heating of the object, or failure of an implanted device. These issues are
especially problematic when dealing with the eye. Most MRI centers require an
orbital x-ray to be performed on anyone suspected of having metal fragments in
their eyes, something not uncommon in metalworking.
Because of its non-ferromagnetic nature and poor electrical conductivity,
titanium and its alloys are useful for long term implants and surgical
instruments intended for use in image-guided surgery. In particular, not only is
titanium safe from movement from the magnetic field, but artifacts around the
implant are less frequent and less severe than with more ferromagnetic materials
such as stainless steel. Artifacts from metal frequently appear as regions of
empty space around the implant that are frequently called a "black-hole
artifact". For example, a 3 mm titanium alloy coronary stent may appear as a 5
mm diameter region of empty space on MRI, whereas around a stainless steel
stent, the artifact may extend for 10–20 mm or more.
Switching of field gradients causes a change in the Lorentz force experienced by
the gradient coils, producing minute expansions and contractions of the coil
itself. As the switching is typically in the audible frequency range, the
resulting vibration produces loud noises (clicking or beeping). This is most
marked with high-field machines and rapid-imaging techniques in which sound
intensity can reach 120 dB(A) (equivalent to a jet engine at take-off). As a
reference, 120 dB is the threshold of loudness causing sensation in the human
ear canal — tickling, and 140 dB is the threshold of ear pain. Since decibel is
a logarithmic measurement, a 10 dB increase equates to a 10-fold increase in
intensity — which, in acoustics, is roughly equal to a doubling of loudness.
The use of ear protection is essential for anyone inside the MRI scanner room
during the examination.
The most commonly used intravenous contrast agents are based on a chemical
compound of Gadolinium (gd). In general, these agents have proved safer than the
iodinated contrast agents used in X-ray radiography or CT. Anaphylactoid
reactions are rare, occurring in approximately 0.03–0.1%. Of particular interest
is the lower incidence of nephrotoxicity, compared with iodinated agents, when
given at usual doses — this has made contrast-enhanced MRI scanning an option
for patients with renal impairment, who would otherwise not be able to undergo
Although Gadolinium agents have proved useful for patients with renal
impairment, in patients with severe renal failure requiring dialysis there is a
risk of a rare but serious illness, nephrogenic systemic fibrosis, that may be
linked to the use of certain gadolinium-containing agents. The most frequently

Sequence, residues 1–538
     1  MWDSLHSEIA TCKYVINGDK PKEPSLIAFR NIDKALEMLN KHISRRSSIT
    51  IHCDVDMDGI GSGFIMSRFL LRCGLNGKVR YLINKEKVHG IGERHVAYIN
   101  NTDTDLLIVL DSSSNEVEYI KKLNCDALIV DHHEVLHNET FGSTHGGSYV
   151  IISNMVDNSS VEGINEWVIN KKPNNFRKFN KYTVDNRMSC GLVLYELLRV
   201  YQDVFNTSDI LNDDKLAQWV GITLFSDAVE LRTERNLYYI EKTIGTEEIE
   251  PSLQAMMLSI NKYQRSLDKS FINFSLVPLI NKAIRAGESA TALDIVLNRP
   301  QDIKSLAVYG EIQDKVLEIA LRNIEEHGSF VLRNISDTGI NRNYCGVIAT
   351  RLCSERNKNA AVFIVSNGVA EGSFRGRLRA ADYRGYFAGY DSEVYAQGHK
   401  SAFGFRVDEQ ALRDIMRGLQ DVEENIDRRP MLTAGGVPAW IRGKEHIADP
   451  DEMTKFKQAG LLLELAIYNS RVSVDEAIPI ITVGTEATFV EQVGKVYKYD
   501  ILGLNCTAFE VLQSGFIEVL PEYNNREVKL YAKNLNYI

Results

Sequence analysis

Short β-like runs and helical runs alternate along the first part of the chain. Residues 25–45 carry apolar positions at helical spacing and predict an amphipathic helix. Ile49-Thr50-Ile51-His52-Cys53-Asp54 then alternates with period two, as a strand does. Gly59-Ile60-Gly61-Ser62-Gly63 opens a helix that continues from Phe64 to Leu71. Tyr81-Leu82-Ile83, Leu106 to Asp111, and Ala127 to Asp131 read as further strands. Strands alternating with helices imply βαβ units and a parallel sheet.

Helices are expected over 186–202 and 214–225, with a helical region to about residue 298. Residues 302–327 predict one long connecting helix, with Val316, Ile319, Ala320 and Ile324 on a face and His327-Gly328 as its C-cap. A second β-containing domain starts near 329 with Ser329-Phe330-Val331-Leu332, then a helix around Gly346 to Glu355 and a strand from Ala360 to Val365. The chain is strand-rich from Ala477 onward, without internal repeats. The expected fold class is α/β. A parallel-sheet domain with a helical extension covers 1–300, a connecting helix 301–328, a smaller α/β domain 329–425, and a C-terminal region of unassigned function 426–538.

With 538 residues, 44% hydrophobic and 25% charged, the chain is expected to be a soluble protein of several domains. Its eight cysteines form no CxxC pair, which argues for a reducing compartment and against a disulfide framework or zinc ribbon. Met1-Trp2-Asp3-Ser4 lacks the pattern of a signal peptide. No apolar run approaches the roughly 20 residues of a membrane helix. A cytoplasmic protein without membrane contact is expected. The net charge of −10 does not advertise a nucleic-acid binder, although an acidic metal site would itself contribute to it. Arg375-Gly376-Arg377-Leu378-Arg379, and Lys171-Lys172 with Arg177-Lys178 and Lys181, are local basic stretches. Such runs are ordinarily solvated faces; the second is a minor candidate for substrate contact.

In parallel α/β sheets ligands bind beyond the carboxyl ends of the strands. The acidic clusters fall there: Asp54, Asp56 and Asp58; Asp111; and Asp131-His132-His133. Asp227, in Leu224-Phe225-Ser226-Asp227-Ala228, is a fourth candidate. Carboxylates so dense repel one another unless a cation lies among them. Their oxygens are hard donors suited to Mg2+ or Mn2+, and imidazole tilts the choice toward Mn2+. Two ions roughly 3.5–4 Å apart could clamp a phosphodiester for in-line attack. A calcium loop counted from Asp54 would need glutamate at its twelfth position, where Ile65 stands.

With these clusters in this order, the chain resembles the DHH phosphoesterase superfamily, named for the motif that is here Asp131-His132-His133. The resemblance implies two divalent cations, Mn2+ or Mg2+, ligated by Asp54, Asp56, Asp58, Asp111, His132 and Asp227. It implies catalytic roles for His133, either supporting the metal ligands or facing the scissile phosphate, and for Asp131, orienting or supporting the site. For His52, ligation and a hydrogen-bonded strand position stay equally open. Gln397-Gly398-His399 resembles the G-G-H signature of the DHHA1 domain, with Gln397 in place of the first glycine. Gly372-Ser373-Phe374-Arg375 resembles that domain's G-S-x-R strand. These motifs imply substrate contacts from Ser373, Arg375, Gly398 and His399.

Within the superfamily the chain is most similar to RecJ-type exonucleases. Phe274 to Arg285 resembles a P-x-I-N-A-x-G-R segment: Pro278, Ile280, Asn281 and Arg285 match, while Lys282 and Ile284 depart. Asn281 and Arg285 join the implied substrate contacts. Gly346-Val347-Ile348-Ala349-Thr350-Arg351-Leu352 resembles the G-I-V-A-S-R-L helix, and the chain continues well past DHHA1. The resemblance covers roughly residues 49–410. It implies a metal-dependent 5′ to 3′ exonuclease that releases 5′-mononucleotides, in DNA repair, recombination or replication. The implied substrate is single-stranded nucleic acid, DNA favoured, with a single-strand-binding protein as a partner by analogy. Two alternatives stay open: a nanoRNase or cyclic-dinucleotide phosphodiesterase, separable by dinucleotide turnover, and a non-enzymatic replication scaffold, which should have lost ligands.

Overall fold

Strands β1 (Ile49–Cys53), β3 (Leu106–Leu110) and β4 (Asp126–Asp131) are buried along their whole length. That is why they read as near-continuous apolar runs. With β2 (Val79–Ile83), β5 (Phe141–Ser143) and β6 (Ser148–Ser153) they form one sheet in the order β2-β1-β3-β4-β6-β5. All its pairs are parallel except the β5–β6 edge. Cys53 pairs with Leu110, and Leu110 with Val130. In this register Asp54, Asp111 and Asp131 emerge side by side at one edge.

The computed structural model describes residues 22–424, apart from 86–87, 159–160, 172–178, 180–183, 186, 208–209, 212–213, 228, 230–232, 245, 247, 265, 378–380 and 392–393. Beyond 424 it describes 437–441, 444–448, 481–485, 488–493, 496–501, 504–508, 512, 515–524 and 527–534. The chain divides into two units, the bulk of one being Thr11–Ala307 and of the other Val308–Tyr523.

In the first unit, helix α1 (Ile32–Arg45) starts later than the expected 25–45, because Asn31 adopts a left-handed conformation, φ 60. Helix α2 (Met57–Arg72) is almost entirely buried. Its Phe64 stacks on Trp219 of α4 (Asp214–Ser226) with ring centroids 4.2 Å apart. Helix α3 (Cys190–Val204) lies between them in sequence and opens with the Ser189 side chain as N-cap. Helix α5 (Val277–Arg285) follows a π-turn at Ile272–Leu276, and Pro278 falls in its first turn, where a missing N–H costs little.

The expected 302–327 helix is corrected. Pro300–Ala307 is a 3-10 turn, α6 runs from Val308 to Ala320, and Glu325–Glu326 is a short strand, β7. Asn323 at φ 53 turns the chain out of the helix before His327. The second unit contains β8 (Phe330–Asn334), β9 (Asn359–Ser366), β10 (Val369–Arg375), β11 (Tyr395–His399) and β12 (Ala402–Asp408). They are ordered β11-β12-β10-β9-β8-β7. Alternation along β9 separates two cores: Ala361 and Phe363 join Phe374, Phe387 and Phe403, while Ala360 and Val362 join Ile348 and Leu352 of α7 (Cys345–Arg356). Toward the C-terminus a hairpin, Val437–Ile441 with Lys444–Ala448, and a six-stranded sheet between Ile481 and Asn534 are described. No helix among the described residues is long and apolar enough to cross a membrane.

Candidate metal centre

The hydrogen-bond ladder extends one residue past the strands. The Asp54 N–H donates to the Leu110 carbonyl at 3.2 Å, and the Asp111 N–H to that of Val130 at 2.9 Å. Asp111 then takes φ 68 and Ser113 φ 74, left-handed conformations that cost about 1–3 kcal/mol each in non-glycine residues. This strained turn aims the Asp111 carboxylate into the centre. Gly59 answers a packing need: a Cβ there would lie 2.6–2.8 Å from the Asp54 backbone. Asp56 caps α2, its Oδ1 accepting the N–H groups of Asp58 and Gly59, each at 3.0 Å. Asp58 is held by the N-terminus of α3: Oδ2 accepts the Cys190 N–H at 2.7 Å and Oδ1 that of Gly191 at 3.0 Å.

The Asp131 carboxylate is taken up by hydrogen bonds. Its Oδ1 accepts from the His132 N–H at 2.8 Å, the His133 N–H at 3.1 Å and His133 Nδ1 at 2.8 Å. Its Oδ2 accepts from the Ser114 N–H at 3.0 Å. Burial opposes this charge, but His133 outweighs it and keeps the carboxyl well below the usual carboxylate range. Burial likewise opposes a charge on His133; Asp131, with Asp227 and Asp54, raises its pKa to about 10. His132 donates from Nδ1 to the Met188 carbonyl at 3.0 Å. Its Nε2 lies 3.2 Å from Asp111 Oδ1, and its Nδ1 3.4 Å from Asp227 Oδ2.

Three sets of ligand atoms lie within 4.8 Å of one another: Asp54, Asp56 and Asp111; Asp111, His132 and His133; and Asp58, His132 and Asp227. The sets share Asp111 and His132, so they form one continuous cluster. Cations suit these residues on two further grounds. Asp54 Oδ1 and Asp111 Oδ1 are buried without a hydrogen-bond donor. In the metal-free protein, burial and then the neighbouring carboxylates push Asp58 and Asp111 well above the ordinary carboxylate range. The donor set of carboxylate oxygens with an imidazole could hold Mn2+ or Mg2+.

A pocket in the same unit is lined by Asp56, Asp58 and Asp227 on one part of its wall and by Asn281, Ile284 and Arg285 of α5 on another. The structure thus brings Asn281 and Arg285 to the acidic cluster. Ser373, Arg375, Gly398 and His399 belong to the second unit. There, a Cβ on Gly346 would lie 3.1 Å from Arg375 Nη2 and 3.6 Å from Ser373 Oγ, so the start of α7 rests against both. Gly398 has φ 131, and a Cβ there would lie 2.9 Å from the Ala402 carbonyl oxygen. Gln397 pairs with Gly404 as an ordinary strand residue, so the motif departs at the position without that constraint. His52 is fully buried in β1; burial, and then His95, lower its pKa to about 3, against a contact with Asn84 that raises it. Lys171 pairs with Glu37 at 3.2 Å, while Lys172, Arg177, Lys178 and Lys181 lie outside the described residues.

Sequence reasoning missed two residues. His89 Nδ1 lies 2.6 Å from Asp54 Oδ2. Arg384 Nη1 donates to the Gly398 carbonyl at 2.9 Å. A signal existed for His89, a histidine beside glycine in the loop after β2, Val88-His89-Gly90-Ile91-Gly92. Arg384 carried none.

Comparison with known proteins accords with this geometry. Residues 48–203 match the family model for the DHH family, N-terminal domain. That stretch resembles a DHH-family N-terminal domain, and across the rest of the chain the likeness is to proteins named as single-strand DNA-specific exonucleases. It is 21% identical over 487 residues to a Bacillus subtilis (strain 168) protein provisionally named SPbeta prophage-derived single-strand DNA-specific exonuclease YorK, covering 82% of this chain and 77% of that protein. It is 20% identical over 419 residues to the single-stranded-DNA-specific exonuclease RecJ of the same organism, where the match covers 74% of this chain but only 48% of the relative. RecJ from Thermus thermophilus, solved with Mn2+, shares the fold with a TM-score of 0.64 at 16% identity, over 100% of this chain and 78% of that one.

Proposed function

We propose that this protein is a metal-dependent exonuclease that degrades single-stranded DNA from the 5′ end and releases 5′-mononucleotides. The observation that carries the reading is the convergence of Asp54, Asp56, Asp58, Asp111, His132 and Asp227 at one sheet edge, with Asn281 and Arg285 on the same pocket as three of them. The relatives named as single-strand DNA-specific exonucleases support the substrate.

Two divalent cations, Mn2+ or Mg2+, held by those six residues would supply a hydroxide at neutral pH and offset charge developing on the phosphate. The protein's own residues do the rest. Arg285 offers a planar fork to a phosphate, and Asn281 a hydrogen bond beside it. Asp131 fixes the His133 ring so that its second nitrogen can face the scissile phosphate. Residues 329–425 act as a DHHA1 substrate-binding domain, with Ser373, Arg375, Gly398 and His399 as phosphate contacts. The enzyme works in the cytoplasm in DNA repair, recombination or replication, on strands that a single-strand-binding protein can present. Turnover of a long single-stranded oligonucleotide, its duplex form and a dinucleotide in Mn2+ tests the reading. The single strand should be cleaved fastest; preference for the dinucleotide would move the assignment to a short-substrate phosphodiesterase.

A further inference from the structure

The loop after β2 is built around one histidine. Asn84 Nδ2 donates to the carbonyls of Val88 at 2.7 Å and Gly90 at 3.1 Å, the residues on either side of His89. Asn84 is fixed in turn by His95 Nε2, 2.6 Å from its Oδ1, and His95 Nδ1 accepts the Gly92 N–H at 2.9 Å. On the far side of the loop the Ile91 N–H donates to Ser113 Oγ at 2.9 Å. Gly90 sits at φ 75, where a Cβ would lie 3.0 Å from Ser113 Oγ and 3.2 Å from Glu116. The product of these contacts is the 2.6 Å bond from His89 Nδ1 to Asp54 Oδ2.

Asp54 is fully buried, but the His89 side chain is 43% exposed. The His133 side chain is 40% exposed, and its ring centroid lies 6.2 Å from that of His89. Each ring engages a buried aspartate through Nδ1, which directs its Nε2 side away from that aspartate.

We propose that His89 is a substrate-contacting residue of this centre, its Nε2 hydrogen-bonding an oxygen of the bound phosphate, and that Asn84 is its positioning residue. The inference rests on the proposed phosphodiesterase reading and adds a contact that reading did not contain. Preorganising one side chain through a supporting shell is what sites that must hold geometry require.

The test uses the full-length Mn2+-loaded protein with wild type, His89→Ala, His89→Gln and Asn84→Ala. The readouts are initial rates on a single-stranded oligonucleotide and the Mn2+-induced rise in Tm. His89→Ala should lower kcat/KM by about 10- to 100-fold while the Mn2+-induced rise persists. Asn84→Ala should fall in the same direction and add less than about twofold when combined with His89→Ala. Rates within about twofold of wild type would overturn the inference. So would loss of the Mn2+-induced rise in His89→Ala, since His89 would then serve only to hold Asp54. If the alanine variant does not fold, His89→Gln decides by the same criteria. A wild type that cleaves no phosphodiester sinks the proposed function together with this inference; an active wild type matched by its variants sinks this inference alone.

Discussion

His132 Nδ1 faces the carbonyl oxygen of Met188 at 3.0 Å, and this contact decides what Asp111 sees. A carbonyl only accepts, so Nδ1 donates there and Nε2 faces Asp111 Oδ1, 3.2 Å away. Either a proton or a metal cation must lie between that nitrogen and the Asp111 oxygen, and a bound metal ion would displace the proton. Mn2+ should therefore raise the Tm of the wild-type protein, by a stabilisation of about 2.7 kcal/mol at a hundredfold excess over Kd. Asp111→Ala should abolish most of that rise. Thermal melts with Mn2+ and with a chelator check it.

linked is gadodiamide, but other agents have been linked too. Although a causal
link has not been definitively established, current guidelines in the United
States are that dialysis patients should only receive gadolinium agents where
essential, and that dialysis should be performed as soon as possible after the
scan to remove the agent from the body promptly.
No known effects of MRI on the fetus have been demonstrated. In particular, MRI
avoids the use of ionizing radiation, to which the fetus is particularly
sensitive. However, as a precaution, current guidelines recommend that pregnant
women undergo MRI only when essential. This is particularly the case during the
first trimester of pregnancy, as organogenesis takes place during this period.
The concerns in pregnancy are the same as for MRI in general, but the fetus may
be more sensitive to the effects. However, one additional concern is the use of
contrast agents; gadolinium compounds are known to cross the placenta and enter
the fetal bloodstream, and it's typically recommended that their use be avoided.
Despite these concerns, MRI is rapidly growing in importance as a way of
diagnosing and monitoring congenital defects of the fetus because it can provide
more diagnostic information than ultrasound and it lacks the ionizing radiation
Claustrophobia and discomfort
Due to the construction of some MRI scanners, they can be potentially unpleasant
to lie in. Older models of closed bore MRI systems feature a fairly long tube or
tunnel. The part of the body being imaged must lie at the center of the magnet,
which is at the absolute center of the tunnel. Because scan times on these older
scanners may be long (occasionally up an hour for the entire procedure), people
with even mild claustrophobia are sometimes unable to tolerate an MRI scan
without management. Modern scanners may have larger bores and scan times are
shorter. This means that claustrophobia is less of an issue, and many patients
now find MRI an innocuous and easily tolerated procedure.
Alternative scanner designs, such as open or upright systems, can also be
helpful where these are available. Though open scanners have increased in
popularity, they produce inferior scan quality because they operate at lower
magnetic fields than closed scanners. However, commercial 1.5 tesla open systems
have recently become available, providing much better image quality than
previous lower field strength open models.